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Borg, N, Scott-Young, C M, Naderpajouh, N and Borg, J (2023) Surviving adversity: personal and career resilience in the AEC industry during the COVID-19 pandemic. Construction Management and Economics, 41(05), 361–78.

Eames, M, Dixon, T, May, T and Hunt, M (2013) City futures: exploring urban retrofit and sustainable transitions. Building Research & Information, 41(05), 504-16.

Jones, P, Lannon, S and Patterson, J (2013) Retrofitting existing housing: how far, how much?. Building Research & Information, 41(05), 532-50.

Mahasuar, K (2023) COVID-19 and its impact on Indian construction industry: an event study approach. Construction Management and Economics, 41(05), 428–44.

Sherratt, F and Dainty, A (2023) The power of a pandemic: how Covid-19 should transform UK construction worker health, safety and wellbeing. Construction Management and Economics, 41(05), 379–86.

Styhre, A and Brorström, S (2023) Syndicated leadership in urban development projects: the case of the River City Gothenburg project. Construction Management and Economics, 41(05), 387–401.

Tweed, C (2013) Socio-technical issues in dwelling retrofit. Building Research & Information, 41(05), 551-62.

  • Type: Journal Article
  • Keywords:
  • ISBN/ISSN: 0961-3218
  • URL: https://doi.org/10.1080/09613218.2013.815047
  • Abstract:
    Although a wide range of technical solutions exist to reduce energy consumption and CO2 emissions, these may not produce the predicted savings if occupants operate the refurbished dwelling in unexpected ways, resulting in a "performance gap". Retrofit can be approached as a set of socio-technical issues. Social practice theory is the dominant approach in socio-technical studies of energy in the home. However, other ways can investigate how people engage with and experience their home environments, including their interaction with energy technologies. This can extend the reach of socio-technical studies to encompass personal experience of reconfigured homes within the broader socio-cultural context. Methodologies from phenomenology and ecological psychology used in architecture and philosophy of technology - principally the concepts of "breakdown" and affordance - can examine occupants' experience of a retrofitted environment. An energy retrofit of an occupied dwelling is used to illustrate how such methods can provide insights into occupants' experience of and responses to refurbishment. It is suggested that householders' energy and comfort concerns emerge and recede alongside other concerns in both time and space as they adjust to their reconfigured home. Changing affordances after retrofit can influence how people use dwelling space in ways that have energy consumption consequences.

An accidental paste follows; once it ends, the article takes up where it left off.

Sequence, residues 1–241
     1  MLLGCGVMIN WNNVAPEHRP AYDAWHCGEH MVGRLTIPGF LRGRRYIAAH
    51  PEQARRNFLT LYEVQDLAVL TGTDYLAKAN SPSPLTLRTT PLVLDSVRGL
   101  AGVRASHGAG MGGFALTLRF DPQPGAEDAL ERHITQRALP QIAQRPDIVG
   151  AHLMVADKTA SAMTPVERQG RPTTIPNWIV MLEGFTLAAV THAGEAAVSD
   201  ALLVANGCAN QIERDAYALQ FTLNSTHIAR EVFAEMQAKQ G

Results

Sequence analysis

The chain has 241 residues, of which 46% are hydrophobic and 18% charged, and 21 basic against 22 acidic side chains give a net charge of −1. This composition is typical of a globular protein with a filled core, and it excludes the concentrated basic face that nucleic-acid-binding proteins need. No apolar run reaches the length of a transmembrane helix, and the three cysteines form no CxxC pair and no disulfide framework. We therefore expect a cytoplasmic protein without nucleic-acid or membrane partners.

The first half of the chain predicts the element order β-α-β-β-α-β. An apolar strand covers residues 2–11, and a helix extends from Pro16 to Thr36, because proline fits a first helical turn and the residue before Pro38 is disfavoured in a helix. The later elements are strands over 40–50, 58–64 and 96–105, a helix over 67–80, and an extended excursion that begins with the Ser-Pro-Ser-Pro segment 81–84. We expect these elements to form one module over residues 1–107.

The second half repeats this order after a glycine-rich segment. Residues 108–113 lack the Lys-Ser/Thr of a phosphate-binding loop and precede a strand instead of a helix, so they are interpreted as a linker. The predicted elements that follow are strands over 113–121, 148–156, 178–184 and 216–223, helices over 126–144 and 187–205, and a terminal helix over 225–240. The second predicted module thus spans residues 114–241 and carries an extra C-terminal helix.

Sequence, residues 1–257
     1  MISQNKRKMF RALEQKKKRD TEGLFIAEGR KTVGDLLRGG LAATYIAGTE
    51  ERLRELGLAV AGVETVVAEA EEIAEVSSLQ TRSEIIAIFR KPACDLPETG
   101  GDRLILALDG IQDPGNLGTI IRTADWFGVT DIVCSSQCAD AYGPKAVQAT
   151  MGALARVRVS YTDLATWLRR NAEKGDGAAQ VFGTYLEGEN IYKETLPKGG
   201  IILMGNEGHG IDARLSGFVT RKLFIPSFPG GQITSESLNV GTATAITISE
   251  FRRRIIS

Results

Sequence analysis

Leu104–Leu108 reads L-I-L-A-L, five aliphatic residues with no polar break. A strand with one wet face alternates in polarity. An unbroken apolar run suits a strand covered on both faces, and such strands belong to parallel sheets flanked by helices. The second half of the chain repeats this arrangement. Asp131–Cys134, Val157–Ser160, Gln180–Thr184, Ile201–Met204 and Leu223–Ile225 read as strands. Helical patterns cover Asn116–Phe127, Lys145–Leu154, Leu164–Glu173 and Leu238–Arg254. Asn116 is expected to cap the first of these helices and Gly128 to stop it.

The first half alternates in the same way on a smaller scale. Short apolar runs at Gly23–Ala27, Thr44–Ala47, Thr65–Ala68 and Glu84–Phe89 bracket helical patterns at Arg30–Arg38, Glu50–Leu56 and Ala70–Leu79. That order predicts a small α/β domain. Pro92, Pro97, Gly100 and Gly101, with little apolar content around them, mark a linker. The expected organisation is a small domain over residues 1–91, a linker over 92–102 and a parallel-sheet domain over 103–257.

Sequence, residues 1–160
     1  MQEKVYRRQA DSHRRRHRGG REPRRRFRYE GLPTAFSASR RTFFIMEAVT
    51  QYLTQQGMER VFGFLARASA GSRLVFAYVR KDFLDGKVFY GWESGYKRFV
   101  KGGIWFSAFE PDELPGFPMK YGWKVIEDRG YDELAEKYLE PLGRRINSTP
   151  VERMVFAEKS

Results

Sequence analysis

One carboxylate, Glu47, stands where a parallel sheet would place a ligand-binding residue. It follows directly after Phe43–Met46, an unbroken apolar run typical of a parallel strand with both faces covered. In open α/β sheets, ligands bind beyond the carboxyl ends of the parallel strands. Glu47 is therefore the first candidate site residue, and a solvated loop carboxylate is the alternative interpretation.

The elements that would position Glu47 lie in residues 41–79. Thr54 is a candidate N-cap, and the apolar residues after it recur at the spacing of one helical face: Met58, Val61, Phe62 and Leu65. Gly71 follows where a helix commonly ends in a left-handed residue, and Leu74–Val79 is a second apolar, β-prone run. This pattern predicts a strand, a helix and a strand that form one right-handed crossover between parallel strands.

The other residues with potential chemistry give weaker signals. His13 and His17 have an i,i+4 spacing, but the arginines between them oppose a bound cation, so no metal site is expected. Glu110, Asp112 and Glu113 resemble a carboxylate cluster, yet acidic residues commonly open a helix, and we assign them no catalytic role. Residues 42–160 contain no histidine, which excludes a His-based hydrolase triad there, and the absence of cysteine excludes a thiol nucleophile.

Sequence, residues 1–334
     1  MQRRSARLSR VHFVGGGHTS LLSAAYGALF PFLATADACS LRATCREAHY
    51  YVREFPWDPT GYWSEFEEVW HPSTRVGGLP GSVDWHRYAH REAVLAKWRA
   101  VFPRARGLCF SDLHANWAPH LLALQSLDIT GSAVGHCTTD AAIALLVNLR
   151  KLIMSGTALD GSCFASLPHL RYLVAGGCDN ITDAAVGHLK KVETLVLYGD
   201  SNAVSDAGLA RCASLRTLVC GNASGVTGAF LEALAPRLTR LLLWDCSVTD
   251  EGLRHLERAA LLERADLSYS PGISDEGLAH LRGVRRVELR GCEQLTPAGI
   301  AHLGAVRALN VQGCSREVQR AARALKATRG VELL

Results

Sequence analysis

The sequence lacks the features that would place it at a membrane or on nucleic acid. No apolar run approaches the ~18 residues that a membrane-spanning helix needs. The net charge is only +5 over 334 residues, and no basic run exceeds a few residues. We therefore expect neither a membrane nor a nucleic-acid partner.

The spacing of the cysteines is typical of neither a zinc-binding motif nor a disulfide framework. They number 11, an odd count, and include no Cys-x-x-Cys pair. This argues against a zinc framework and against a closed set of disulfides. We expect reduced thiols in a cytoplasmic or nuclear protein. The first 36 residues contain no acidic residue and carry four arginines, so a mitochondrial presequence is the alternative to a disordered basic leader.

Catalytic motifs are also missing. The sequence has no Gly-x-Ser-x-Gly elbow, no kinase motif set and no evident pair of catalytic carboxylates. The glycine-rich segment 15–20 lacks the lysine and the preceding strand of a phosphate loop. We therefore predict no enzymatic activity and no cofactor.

Uddin, S M J, Albert, A, Tamanna, M and Alsharef, A (2023) YouTube as a source of information: early coverage of the COVID-19 pandemic in the context of the construction industry. Construction Management and Economics, 41(05), 402–27.

Williams, K, Gupta, R, Hopkins, D, Gregg, M, Payne, C, Joynt, J L R, Smith, I and Bates-Brkljac, N (2013) Retrofitting England's suburbs to adapt to climate change. Building Research & Information, 41(05), 517-31.